So imagine my surprise when I stumbled on a bottle of Kinsen at Machidaya lately. My first thought was that they had hoarded several bottles and aged them, but a glance at the bottling date showed this was not true. My next thought was that the brand name was being borrowed by another brewery.
Looking at the name of the brewer, in tiny characters on the label, I saw it was Aihara Shuzo, brewers of Ugo no Tsuki in Hiroshima. No slouches, they. So I asked at the counter. It seems that Kinsen is indeed being brewed again, and by the same people that brewed it before. They are, for whatever reason, borrowing the facilities of another brewery, Aihara Shuzo.
One interesting fact about Kinsen is that the owner was (and is) the toji; a difficult endeavor. Now, as before, the Horimoto family is doing the brewing and everything else.
Although this “kura borrowing” is an amazing show of cooperation, the proof is in the flavor. Kinsen does not disappoint: That unique distinction is still present.
Naturally, Kinsen is a bit hard to find, either in restaurants or in retail shops. You can drink it at Sake no Ikesu in Hachioji, (0462) 42-1508, should you be out in that neck of the woods. When it is in stock you can also pick it up at Machidaya.
A view of the brewery can be seen at www2.biglobe.ne.jp/~abcd/wa_51.html
Also, Kinsen can be bought online at www2.biglobe.ne.jp/~abcd/wa_5101.html (a site unrelated to Machidaya or to me; I just stumbled on it).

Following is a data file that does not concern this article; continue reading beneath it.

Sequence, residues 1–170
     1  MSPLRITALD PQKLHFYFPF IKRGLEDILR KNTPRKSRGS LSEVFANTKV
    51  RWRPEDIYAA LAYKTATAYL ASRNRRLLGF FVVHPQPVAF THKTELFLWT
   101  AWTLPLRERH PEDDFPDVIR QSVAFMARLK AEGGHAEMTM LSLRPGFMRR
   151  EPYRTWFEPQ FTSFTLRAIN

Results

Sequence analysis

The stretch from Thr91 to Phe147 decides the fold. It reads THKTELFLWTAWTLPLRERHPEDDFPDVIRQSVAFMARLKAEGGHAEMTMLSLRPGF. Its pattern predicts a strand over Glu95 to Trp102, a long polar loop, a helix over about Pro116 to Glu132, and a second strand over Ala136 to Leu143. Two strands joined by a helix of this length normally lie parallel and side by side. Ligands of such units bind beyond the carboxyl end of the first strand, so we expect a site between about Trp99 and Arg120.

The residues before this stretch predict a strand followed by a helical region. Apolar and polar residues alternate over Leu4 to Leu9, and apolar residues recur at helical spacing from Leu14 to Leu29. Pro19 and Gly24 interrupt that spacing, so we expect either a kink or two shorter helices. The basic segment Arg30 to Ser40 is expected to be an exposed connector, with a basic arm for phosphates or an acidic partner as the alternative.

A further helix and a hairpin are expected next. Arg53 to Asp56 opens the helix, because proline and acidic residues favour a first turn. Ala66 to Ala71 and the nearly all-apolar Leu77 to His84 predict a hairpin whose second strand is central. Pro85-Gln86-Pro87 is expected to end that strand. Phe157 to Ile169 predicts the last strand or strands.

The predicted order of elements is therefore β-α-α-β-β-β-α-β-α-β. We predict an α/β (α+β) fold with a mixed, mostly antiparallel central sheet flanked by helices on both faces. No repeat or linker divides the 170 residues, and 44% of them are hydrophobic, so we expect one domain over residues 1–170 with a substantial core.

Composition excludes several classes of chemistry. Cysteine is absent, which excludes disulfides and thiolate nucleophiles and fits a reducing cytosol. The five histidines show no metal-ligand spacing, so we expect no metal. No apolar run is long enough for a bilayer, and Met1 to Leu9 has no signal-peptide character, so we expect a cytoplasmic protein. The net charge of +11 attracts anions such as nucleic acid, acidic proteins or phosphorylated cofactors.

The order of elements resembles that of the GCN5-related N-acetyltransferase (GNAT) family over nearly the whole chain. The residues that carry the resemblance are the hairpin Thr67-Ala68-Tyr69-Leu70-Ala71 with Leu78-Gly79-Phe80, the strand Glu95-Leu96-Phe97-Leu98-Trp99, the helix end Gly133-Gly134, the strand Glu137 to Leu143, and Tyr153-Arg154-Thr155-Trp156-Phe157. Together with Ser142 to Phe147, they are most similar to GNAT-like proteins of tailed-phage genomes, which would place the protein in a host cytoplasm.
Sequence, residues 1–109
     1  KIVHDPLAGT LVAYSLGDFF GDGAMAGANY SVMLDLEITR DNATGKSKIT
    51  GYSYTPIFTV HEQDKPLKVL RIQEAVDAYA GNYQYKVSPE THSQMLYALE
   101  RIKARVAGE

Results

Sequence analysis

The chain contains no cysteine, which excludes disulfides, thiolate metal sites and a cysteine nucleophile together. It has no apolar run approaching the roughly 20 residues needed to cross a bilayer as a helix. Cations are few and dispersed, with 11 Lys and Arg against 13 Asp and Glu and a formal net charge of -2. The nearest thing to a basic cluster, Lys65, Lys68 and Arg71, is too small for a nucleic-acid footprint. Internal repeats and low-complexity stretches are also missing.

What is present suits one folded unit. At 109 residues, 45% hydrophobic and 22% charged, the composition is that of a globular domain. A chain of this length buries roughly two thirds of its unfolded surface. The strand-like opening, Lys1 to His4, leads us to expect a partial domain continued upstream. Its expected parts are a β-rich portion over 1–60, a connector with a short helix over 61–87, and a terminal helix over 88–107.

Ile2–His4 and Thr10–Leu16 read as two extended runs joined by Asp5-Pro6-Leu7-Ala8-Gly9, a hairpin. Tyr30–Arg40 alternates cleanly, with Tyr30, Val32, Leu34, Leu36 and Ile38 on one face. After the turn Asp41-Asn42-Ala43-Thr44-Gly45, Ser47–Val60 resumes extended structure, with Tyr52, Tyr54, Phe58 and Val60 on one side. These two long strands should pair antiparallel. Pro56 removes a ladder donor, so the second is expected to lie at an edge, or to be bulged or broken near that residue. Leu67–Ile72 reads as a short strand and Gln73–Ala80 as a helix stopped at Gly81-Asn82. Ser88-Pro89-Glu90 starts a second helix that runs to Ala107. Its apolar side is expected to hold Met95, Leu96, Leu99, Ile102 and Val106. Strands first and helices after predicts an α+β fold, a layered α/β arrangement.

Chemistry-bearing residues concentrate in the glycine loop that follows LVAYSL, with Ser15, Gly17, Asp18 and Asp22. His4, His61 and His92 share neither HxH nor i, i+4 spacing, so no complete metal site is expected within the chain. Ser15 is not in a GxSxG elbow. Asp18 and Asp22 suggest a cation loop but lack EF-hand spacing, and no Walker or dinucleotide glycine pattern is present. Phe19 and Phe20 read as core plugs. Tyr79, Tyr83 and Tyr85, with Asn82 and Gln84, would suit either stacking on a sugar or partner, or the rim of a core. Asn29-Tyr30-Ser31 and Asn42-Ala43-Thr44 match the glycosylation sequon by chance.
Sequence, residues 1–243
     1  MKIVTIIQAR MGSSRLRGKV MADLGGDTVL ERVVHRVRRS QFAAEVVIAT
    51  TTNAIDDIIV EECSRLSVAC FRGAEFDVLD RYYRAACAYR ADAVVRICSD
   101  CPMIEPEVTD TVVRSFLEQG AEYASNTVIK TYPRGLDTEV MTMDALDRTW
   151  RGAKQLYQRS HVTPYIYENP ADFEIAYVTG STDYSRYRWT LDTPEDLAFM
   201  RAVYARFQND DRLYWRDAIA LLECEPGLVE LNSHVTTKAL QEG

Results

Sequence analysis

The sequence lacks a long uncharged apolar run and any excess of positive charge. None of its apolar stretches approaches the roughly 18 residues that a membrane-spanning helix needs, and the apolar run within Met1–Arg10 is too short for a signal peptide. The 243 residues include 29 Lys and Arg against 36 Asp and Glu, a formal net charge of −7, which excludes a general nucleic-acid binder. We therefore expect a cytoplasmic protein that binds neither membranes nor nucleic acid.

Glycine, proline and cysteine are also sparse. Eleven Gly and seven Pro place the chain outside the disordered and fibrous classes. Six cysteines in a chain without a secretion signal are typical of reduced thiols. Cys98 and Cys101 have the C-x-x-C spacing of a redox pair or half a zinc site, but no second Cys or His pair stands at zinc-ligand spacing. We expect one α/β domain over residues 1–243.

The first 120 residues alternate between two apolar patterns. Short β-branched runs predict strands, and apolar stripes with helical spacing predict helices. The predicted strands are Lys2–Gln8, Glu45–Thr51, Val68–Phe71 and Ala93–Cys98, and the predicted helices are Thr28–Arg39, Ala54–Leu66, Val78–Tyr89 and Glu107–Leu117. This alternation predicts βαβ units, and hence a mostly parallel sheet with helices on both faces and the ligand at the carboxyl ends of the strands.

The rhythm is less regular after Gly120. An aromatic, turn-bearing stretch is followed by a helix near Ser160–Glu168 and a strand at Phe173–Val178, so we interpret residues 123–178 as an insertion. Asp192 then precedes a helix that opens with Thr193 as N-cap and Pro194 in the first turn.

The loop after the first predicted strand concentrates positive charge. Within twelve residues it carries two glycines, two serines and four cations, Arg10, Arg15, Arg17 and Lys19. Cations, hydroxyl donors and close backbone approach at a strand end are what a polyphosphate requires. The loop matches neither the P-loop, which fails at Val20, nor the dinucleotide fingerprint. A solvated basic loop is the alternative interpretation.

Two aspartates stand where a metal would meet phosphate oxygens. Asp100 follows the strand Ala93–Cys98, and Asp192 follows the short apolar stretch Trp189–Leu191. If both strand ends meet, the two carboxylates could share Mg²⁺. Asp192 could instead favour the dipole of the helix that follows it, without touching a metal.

To get to Aji no Machidaya, take the exit for Yamate-dori at JR Higashi-Nakano Station (two stations from Shinjuku). Cross Yamate-dori and enter the shopping street called “Ginza-dori.” This runs into Waseda-dori; cross over this and continue straight just to the right of the koban. This road will wind left and right and up and down a bit, and after five minutes or so there will be a road peeling off 45 degrees to the left, with another koban on the corner. Follow this road for about five minutes, and Machidaya will appear on the left. With the plethora of sake bottles in the front, you cannot miss it. There is a simple map on their Web site as well.
Japan Times Ceramic Scene writer and Japanese pottery expert Robert Yellin and I will be doing a joint seminar on sake and pottery Sept. 2 at the sake pub Mushu in Awajicho, near Shin-Ochanomizu and Awajicho stations, from 6-9 p.m. The evening will include a meal, half a dozen or so good sake and lectures by Rob and me (different topics from last month’s seminar). Seating is limited. To make a reservation, e-mail or fax me at the address or number below (e-mail preferred), or call Mushu at (03) 3255-1108. Details will be provided by e-mail later.
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Kinsen (Hiroshima Prefecture)
“Hyaku Yaku no Cho” Junmai Ginjo-shu
“Hyaku yaku no cho” means “the best of all medicines.” No argument here. Pine, light anise and pear are very distinct in the prominent and balanced nose. A soft, dry and even slightly grainy start spreads into a lighter finish with a bit of bitterness and sweetness coming out of the recesses. The acidity gathers authority as it moves across the palate, distributing all the flavor with directness and decisiveness. There is a thickness to Kinsen that survives long into the finish, which is fairly quick despite all that is happening before its turn to take the stage comes.